The Resistance split themselves between the Hippie Gypsy corner and the Borders corner for the first part of the evening after members heard that Jeremiah had returned to the Ave. He is well known and spoken of among them because of his particular unchanging preaching style, defiance against changing his show to match current fact, and his interestingly abrasive speaking style which include known insulting falsehoods, and now quickly irrelevant non-facts presented as truth. “I don’t believe in atheists,” said Jerimiah. “If you say that you’re an atheist or an agnostic, I don’t believe in you.” In spite of his infamy drawing Resistance members that direction the real action seemed to keep itself at 6th and eventually everyone focused on those corners.

Along with Jonathan came a couple other speakers including a man named Phil who wore a tweed snapped-peak cap. When they set up with their loudspeaker it drew the attention of a Bun Devils hotdog stand worker—a tall black man, with very short, thick black hair, and a red “Bun Devils” t-shirt—and the owner James. Together they repeatedly complained at Jonathan and Phil about their speaker, at the crowd themselves to go away, claiming that the people with amplification had no right to be there several times; repeating that they were driving away business, that they were losing money.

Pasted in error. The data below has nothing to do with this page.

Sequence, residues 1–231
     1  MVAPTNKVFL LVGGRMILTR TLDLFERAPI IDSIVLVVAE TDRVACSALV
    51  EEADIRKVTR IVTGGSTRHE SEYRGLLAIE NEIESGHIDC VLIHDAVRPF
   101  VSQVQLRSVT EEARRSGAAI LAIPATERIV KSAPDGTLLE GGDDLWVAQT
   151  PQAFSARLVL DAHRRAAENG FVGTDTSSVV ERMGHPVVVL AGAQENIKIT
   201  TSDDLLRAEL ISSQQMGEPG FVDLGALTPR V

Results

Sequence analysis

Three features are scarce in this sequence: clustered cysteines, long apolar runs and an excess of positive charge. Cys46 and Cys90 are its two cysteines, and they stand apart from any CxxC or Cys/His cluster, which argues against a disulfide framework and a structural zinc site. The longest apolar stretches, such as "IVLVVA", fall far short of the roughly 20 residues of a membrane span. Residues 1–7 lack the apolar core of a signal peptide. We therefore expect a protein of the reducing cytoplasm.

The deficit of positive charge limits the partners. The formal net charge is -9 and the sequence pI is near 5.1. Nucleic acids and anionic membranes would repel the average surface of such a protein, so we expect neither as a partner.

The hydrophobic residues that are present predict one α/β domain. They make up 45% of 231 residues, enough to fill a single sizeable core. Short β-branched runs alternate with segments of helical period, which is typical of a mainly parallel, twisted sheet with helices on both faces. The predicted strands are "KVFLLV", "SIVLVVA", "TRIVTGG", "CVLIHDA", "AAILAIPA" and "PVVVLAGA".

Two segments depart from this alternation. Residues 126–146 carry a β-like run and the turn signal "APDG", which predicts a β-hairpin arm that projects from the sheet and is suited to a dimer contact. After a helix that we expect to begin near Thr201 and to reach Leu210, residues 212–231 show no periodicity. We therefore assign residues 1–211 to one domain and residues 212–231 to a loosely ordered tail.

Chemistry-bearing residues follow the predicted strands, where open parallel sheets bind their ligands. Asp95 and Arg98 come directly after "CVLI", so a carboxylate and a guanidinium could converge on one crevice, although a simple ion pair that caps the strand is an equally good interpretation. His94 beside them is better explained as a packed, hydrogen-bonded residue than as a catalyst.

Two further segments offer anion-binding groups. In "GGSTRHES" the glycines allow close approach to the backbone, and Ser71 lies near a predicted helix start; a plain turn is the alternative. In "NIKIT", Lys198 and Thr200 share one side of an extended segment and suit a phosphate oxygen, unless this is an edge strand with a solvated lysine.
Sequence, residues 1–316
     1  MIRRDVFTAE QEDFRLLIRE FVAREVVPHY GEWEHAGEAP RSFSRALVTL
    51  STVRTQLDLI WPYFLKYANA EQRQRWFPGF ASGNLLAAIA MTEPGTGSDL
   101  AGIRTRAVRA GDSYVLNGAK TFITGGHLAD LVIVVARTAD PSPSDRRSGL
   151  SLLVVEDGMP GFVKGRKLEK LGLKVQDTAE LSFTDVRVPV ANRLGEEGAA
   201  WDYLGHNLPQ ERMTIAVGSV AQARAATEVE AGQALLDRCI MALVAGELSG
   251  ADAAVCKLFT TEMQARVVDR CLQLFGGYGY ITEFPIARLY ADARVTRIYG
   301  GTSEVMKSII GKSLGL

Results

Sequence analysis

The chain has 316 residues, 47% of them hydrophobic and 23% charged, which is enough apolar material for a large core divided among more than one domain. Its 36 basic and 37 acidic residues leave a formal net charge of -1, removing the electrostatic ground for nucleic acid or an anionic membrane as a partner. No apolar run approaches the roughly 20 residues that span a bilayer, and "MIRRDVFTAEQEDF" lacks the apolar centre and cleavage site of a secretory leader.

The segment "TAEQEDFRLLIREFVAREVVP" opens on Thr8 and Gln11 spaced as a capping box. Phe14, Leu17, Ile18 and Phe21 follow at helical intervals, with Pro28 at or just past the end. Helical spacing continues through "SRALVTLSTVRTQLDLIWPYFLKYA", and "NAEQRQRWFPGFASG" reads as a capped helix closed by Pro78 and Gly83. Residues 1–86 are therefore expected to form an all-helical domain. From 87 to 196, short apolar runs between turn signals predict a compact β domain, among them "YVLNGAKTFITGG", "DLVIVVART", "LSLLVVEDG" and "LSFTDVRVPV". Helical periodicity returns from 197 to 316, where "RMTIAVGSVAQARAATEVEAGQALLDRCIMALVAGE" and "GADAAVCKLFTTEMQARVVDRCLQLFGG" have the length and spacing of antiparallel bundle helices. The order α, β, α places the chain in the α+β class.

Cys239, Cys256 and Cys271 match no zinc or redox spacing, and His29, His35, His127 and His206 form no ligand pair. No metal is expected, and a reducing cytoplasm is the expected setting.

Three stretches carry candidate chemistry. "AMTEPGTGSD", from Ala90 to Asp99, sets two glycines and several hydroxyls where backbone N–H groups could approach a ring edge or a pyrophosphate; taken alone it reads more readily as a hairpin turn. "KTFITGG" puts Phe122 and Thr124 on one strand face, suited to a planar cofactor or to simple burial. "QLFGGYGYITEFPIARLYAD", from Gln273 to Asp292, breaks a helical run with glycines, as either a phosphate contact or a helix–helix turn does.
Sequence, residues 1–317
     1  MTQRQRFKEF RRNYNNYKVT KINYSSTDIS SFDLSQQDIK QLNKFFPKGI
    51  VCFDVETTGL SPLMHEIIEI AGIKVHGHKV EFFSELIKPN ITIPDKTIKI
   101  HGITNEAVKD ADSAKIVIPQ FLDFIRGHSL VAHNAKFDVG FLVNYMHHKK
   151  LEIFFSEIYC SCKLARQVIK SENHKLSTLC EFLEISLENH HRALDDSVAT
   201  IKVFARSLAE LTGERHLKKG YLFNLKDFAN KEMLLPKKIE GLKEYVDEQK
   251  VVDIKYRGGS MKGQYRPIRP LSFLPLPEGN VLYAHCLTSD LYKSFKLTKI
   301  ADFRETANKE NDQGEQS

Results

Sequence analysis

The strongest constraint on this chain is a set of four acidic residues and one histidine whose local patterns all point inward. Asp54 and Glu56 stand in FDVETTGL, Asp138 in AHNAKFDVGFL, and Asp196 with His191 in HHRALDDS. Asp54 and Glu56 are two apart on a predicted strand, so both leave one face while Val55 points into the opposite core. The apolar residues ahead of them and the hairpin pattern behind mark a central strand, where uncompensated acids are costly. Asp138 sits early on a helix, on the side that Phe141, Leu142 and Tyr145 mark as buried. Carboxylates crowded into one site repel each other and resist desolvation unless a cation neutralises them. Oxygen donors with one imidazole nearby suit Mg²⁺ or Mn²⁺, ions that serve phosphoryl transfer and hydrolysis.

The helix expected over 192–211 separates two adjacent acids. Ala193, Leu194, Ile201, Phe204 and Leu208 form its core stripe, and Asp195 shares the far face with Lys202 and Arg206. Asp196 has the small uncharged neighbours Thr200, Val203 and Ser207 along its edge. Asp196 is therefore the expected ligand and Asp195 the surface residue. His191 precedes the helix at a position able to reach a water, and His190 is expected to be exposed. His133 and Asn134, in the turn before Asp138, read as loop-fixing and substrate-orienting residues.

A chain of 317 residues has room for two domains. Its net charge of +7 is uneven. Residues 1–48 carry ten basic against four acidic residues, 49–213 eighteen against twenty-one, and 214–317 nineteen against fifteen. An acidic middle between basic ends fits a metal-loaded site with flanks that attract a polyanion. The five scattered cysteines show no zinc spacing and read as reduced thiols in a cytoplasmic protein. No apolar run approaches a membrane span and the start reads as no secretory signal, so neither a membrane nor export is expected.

James set off the car alarm of his large SUV parked right next to the corner (and his store) at about 9:34p.m. and was finally deactivated thirteen minutes later when three police officers on bikes showed up and waved James over. His discussion with them apparently did not favor his desire to remove the preachers, the Resistance, and the crowd from the corner, however, because they didn’t stay to talk about it.